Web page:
Safety Grades Come to Carts Near Stuyvesant

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Issue 17, Volume 109

By Hugo Smith 

New York City has begun issuing safety grades to food vendors across the city. For Stuyvesant students, this eliminates a lot of the uncertainty that comes with eating street meat. “A lot of the places around here are a little iffy,” said a vendor operating the new “Doctor’s Orders” cart on the corner of Chambers and Greenwich. The vendor said his cart had been inspected only two weeks after opening.

The rollout was announced last November, with the first grades issued in early January. According to the Health department, the grades are based on the system used for restaurants, with A, B, or C grades. They will be issued gradually, as the city estimates that it will take two years to inspect all of the 5,500 food carts operating in the five boroughs. GPS tracking devices will be installed in order to allow inspectors to locate them.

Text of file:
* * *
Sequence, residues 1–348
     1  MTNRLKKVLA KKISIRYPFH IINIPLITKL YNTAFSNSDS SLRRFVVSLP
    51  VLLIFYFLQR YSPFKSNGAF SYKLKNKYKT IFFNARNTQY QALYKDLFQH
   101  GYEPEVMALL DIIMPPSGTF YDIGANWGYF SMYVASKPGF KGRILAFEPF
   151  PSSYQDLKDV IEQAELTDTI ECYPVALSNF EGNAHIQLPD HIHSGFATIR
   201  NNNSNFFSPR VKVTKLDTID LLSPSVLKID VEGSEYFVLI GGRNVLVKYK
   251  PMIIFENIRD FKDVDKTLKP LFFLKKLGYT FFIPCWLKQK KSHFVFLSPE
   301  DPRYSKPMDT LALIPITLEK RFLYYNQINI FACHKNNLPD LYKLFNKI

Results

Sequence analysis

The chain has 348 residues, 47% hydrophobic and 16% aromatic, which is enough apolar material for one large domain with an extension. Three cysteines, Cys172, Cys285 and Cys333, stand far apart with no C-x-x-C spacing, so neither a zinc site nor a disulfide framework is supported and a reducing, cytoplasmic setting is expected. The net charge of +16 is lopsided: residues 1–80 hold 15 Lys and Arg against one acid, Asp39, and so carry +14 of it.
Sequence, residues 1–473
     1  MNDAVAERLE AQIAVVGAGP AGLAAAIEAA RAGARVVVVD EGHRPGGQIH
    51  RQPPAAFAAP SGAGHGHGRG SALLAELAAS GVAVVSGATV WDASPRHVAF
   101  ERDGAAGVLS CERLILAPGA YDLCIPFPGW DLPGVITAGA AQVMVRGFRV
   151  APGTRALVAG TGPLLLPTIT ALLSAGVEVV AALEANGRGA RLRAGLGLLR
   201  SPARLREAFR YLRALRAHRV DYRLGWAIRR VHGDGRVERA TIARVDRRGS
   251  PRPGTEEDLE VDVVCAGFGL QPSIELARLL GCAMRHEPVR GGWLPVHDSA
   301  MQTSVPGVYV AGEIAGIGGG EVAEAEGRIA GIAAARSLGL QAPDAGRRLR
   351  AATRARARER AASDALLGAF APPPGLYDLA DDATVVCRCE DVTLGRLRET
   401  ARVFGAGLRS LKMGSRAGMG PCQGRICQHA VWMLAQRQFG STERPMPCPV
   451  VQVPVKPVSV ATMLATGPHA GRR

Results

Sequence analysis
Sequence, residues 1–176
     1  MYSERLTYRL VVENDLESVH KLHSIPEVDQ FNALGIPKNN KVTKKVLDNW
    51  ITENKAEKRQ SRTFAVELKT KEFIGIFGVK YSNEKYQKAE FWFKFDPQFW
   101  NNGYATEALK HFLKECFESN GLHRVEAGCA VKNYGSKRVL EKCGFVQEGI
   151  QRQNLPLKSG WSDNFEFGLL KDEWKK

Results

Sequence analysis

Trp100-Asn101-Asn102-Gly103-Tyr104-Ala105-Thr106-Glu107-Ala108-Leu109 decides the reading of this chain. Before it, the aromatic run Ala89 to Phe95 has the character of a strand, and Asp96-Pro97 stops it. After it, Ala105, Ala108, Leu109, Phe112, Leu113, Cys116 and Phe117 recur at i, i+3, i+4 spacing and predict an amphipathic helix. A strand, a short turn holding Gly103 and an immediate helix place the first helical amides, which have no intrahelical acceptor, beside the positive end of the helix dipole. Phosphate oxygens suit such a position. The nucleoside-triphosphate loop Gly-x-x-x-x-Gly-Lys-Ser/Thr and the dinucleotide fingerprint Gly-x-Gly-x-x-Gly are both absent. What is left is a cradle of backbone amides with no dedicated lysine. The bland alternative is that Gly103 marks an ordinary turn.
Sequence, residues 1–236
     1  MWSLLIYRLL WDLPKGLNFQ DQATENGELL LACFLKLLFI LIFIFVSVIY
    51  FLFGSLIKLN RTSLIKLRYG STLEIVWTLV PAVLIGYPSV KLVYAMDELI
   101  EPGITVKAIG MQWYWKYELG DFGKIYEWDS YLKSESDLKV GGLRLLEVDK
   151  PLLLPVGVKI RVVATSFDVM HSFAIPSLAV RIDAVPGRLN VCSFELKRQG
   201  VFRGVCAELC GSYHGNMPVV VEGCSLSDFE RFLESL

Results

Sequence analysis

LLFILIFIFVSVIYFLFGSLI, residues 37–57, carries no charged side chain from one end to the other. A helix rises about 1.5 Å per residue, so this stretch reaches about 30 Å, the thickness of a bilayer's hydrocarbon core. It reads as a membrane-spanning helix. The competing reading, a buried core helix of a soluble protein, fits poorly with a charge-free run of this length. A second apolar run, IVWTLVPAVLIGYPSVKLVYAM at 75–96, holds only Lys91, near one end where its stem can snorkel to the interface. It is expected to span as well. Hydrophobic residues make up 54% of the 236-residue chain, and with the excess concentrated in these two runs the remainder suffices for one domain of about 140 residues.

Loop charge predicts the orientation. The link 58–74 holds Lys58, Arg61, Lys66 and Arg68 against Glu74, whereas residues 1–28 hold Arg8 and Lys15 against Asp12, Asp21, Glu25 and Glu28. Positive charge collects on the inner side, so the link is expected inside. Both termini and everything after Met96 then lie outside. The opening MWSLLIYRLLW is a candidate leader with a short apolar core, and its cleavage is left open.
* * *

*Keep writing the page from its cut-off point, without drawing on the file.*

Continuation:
This is a major change from the previous system, where, despite the fact that vendors were regularly inspected, there was no system for the public to view the results. The city plans to implement a website to allow customers to look up the results of a cart’s most recent inspection.

This is a leap forward for all New Yorkers who eat at these carts, especially Stuyvesant students. For students who are often limited by time and money, these carts are an enticing solution to both issues for lunch. It is understandable why one may be worried about the conditions in these carts. With the seemingly unhygienic situations at times and the absence of a sink and bathroom, the inspection results will provide customers with the peace of mind they’ve come to expect when eating at restaurants.